Balancing political editorial coverage | Editorial
September 20, 2012 · 9:43 AM
Two weeks ago the Kirkland Reporter ran a column from Andrew Villeneuve in the editorial slot of the opinion page. Villeneuve is a regular columnist in our other papers, such as the Redmond Reporter. He is a Redmond High School graduate, so seeing his words in his hometown newspaper takes on more meaning for those to the east. We at the Kirkland Reporter do not publish Villeneuve’s columns regularly, as his columns are usually very partisan and we do not have a conservative columnist to present the other side. We feel we have a good pulse on the Kirkland community and what our readers want. Our stance on this topic is not one that was known to the interim editor, who was in place during the first two weeks September. Both longtime editorial staff members were out of the office on maternity and paternity leave during that time.
Our editorial policy to not run one political opinion without the other viewpoint on our opinion page is an unwritten rule. We strive to be balanced in our news coverage and try to make that balance bleed over to our opinion page. But that balance is not always obtainable on the opinion page. Just because we received a letter to the editor from a resident endorsing a candidate for an elected office, does not mean that we will receive one from their opponent’s supporters.
Some residents were angry that the column was written about national politics. While we strive to be he hyperlocal in our news coverage, we do run letters to the editor on national topics. It is a grey area as to whether or not we will run columns on national topics such as the presidential election. The topic of the presidential race does ultimately effect those of us in Kirkland. It is different from covering other national stories, such as hurricanes in Florida or a major earthquake in California.
As a result, we will not be publishing the second part of Villeneuve’s column on the Democratic National Convention in print.
Instead we prefer the words of another editor in our company, Craig Groshart of the Bellevue Reporter:
Two weeks ago, the Republicans nominated Mitt Romney and Paul Ryan as their candidates for president and vice president. Last week, Democrats nominated Barack Obama and Joe Biden as their choices.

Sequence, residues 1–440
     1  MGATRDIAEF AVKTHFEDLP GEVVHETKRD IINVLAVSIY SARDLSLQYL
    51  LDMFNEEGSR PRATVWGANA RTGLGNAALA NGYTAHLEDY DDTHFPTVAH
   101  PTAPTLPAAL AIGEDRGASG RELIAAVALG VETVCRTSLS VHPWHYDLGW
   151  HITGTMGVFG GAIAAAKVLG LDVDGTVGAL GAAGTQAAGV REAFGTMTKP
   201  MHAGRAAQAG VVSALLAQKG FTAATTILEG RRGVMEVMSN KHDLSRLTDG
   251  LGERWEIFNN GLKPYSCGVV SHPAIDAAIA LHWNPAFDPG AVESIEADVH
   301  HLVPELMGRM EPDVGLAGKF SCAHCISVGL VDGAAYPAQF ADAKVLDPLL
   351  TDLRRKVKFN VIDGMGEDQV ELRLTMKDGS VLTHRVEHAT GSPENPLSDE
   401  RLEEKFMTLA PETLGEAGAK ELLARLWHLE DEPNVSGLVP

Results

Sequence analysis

This means the race for the White House – and all the other political offices – shifts into high gear. Unfortunately, it also means voters will be bombarded by attack ads and untruths.
Despite what you may read and hear in the next few months, we doubt that the people running for office are ax-murderers, child molesters or serial killers. OK, so they really won’t be accused of that, but much of what opponents say about them won’t be true, either.
It’s sad that negative advertising has become such a force in our elections, but studies say voters are swayed by such tactics. As a result, almost anything goes. But that doesn’t mean you have to be taken along for the ride.
Voters are served best when they seek out and understand what a candidate champions and what he or she says are his or her priorities if elected. If a candidate’s priorities align with yours, you may have someone you should support.
It’s also worthwhile – but it takes some work – to see what type of experience and/or background a candidate would bring to the job if elected. While
there’s no guarantee that it makes for the best candidate, it can give a voter a feeling if the person is up to the task.
How to ferret all of this out? The Reporter will help by publishing profiles about the local candidates, which include how they define the issues in the campaign and how they would deal with them.
Voters can also be helped by attending candidate forums to see first-hand if they are able to give the public a clear, concise answer to a question.
Finally, if birds of a feather flock together, see who is supporting the various candidates. Do these backers represent special interests? If so, are they yours, too?
And finally, don’t believe everything you see in a TV political ad or what comes into your mailbox. Do your own homework – and vote what you decide.